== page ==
It's almost as if the unreality of his unbeaten 126 needs grounding, because what is it if not unreal? You might be tempted to start talking about the greatest Pakistani innings but it's far too early for that kind of order to be placed on this. This, let's spell this out, is an innings that meant Pakistan not only won a curtailed match in which they conceded 401, but also a match in which, halfway through the chase, they were looking on course to chase down the full total.
This might help grasp some of the scale of it. Fakhar hit more sixes in the one innings today than any Pakistani batter has through an entire World Cup campaign. This one, meanwhile, will blow your mind all over again. Shahid Afridi is Pakistan's most celebrated six-hitter, right? Until today, no Pakistani had hit more sixes in World Cups than him. He hit 12 across five World Cups and 16 years; Fakhar hit 11 today in comfortably under two hours. He hit as many sixes today as Imam-ul-Haq, the man he replaced in the last game, hit in his last 24 ODI innings.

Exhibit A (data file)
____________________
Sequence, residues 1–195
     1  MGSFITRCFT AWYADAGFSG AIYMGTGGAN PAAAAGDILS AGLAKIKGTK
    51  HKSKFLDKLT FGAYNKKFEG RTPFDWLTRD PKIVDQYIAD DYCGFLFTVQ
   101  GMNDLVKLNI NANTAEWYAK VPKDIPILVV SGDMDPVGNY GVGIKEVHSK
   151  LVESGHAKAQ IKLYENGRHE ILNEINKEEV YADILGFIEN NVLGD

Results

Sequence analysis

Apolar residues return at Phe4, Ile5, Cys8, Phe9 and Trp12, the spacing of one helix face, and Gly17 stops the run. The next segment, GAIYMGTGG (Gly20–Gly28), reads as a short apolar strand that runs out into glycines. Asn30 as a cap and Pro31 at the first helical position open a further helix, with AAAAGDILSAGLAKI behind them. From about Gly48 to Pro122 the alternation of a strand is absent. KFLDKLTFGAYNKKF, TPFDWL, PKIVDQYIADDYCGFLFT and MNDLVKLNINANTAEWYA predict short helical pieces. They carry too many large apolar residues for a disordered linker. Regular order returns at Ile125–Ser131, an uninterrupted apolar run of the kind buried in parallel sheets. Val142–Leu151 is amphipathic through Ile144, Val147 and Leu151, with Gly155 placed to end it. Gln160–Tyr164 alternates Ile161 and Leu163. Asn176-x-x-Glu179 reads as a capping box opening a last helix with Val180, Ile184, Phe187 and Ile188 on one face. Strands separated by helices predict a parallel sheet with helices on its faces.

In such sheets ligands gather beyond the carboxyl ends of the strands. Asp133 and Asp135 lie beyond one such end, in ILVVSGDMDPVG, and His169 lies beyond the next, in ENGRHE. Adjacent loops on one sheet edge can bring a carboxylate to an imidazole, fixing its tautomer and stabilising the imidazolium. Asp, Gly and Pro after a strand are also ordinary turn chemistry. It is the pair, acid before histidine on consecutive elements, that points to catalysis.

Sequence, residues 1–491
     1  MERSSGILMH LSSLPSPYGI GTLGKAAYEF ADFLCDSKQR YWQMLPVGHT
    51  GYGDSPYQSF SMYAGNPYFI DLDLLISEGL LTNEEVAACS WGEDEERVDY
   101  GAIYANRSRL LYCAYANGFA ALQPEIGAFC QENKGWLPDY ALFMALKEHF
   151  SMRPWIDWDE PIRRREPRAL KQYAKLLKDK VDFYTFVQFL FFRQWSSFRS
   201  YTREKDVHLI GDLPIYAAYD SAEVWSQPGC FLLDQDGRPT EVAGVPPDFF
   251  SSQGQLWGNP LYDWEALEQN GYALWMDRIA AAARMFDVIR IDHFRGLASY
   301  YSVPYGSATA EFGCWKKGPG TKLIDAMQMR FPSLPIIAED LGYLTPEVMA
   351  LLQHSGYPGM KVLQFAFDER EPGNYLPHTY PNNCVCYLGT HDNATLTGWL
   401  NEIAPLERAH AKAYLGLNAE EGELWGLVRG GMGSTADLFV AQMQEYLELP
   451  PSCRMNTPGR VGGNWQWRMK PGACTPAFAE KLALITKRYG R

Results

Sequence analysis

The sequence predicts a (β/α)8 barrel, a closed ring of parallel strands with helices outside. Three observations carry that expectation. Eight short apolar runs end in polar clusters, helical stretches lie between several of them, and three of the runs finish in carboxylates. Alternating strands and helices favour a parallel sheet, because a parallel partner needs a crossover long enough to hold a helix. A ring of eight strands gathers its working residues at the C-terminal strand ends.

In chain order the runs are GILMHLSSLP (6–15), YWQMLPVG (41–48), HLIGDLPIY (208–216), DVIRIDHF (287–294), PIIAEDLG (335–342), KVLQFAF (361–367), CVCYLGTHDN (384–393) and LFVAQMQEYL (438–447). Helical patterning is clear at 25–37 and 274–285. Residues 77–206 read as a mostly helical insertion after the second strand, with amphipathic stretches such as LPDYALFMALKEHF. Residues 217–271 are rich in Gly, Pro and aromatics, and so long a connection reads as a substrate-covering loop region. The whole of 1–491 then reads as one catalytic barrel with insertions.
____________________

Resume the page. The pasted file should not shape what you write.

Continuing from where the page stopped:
And finally, only Eoin Morgan, Chris Gayle and Martin Guptill - a fairly elite roll call of six-hitters - have ever hit more sixes in a single World Cup innings.
But what also helps in grounding this, what's as important to understand is that the way Fakhar played today might be how people think Fakhar plays or how they want him to play, but it is not really the way he does play in practice. No question, Fakhar has long been the one man who raises the ceiling of this Pakistan's totals. He also bats big. Before the World Cup, Pakistan had scored 330-plus 12 times in ODIs since Fakhar's debut. He'd hit four hundreds and three fifties in those games, averaging 92.30 with a strike rate of 114.80. When Pakistan do modern, Fakhar is invariably at the heart of it.
And though the comparison with Imam on the sixes hit is stark, it is unfair. Dropping Fakhar after the first game against Netherlands was not unjustified, so out of sorts was he beginning to look. There were suggestions he himself was at peace with being left out.